Vocabulary dice game for all levels

This easy and extremely versatile vocabulary dice game is suitable for all levels and age groups of English learners. It is a great idea to revise vocabulary and might be used as a warm-up activity or to conclude the class. All you need to play it is a list of words you would like your students to revise, sheets of paper, pencils, and some dice.

The Task

Prepare a list of words you would like your students to revise, make it between 6 and 12 items long. Divide your class into pairs or small groups and distribute one sheet of paper, one pencil, and one dice per group. Students take turns to roll the dice, and depending on the number they roll, they need to do the following:

1,2 – write down the word

3,4 – use the word in a sentence

5,6 – spell the word

Each word is being said twice by you after each time your students roll the dice (this way they won’t forget the word or won’t be distracted by the dice which will save you some time and trouble repeating the word again). Keep the rules visible on the board, but don’t write the word down anywhere. Students might keep score to spice the game up. Make sure to listen to your students closely and encourage them to correct their peers. This game is a great opportunity to teach your students to detect and correct errors. Go through some problematic words at the end of the game.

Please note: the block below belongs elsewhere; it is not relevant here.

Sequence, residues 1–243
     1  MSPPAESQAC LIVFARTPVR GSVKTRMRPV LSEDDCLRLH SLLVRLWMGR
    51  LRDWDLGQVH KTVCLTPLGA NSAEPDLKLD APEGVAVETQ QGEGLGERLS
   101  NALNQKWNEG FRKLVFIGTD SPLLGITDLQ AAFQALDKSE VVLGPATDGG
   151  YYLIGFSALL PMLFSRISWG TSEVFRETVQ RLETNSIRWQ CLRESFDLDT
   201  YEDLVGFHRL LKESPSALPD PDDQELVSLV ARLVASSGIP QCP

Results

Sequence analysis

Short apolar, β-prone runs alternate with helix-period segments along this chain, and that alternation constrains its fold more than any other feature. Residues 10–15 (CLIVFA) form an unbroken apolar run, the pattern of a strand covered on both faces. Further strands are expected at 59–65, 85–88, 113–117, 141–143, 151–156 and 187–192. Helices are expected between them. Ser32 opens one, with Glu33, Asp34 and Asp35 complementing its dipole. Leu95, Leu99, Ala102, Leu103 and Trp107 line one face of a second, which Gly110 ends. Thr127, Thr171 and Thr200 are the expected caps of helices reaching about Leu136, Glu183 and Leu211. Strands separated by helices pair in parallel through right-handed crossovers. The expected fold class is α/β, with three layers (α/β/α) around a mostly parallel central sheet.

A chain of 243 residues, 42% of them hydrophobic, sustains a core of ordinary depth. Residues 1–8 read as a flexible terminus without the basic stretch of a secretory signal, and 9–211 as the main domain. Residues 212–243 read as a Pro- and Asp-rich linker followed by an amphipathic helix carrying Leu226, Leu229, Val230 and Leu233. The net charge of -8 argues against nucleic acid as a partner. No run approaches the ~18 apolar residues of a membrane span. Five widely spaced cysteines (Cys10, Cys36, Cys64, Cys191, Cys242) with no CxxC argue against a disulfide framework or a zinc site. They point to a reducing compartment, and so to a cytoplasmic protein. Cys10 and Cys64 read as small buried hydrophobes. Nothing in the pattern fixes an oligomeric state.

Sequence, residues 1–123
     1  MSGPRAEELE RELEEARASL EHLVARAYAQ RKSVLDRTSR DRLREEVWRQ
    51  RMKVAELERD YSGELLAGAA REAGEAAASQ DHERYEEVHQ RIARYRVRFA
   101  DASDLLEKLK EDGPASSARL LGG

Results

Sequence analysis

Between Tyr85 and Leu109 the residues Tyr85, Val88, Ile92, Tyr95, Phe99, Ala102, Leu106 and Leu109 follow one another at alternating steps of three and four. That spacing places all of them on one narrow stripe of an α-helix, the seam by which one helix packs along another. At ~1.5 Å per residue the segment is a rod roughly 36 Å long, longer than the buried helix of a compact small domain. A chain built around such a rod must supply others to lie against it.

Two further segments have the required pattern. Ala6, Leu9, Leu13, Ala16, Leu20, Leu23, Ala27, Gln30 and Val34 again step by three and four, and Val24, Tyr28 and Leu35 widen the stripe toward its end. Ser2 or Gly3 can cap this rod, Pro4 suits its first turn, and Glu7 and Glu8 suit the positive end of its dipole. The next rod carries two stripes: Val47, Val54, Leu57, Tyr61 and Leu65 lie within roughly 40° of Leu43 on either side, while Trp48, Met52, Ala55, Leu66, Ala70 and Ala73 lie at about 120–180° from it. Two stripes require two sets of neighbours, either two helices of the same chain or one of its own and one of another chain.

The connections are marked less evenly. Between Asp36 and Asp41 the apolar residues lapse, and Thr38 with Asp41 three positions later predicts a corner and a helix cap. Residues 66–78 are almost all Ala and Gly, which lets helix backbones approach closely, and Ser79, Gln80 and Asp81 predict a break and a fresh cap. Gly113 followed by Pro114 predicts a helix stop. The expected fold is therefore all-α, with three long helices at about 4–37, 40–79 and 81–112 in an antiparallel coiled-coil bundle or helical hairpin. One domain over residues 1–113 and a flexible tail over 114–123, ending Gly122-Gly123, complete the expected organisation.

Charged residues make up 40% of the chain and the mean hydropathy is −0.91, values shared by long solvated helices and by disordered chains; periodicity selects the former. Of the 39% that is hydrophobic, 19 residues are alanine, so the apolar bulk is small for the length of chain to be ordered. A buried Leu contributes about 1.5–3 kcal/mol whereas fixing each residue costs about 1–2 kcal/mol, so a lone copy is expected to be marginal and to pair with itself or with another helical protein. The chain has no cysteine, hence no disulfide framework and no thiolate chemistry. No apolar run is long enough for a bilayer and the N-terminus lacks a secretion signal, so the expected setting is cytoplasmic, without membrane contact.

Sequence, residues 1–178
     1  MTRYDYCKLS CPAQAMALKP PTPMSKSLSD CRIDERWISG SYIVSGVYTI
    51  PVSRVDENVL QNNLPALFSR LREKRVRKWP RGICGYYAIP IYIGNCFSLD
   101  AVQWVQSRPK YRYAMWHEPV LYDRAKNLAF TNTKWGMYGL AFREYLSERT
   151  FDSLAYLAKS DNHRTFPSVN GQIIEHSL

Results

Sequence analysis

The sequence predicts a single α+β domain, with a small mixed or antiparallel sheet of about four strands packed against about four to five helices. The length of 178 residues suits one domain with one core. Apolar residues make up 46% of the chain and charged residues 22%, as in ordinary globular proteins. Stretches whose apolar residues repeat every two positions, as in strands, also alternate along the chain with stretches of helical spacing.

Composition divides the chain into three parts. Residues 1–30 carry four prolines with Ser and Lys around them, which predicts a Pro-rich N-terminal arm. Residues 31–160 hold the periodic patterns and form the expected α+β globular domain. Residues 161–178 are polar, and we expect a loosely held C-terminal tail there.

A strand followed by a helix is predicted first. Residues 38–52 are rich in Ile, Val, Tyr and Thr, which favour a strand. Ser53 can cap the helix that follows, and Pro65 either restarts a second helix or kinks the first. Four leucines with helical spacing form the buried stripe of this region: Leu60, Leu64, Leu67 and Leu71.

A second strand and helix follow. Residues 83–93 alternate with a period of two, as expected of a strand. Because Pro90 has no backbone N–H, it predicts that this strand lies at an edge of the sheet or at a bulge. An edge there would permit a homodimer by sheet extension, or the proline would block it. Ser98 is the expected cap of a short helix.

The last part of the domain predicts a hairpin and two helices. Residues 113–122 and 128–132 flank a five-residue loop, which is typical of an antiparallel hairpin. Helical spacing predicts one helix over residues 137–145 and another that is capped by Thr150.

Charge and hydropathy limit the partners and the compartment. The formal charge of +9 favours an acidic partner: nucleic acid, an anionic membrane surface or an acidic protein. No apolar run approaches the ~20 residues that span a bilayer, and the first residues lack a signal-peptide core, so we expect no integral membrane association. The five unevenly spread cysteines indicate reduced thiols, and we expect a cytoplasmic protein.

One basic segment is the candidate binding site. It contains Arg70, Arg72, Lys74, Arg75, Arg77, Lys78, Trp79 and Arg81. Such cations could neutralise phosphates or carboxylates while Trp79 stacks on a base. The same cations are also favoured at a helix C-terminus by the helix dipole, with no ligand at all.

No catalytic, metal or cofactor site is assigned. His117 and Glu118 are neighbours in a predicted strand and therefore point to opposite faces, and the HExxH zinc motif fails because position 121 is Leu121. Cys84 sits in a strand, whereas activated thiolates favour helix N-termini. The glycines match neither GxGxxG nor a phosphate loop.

Depending on your students’ level and words you want them to practice, you may vary┬áthe instructions:

a) give a synonym / antonym of the word you hear

b) say what part of speech the word is (useful for Cambridge exams revision!)

c) give the definition of your word

d) show /draw your word (great for younger learners!)

Personal Experience

I have successfully used this vocabulary dice game with many groups of kids, teens, and adults I have taught. It is dynamic, fun, requires no preparation, and helps revise and practice any given vocabulary set. Most of my students have usually enjoyed a little bit of competition which helped a lot with peer correction. I have been frequently using it with lower-level adult learners as it gives them a great sense of progress and achievement (especially when it comes to spelling!).

Are you interested in more vocabulary games? Take a look at Pass the Bomb and Vocabulary Mingle.



  1. Very good game idea. Do if I understand correctly, the list of vovabulary words is given one at a time orally by the teacher and there’s no speaking by the students just writing the answers on a paper. So the teacher then collects the papers for scoring? Or does he/she move around the classroom casually looking over the results?

    • I guess both options would work, depending how much emphasis you want to put on competition.

  2. Thanks for this nice and engaging activity! I also like to ask my learners to go over the learning materials and choose 10 words they would like to revise. Then, we make cards with those words and we shuffle them to play. I think this strategy help build students autonomy.

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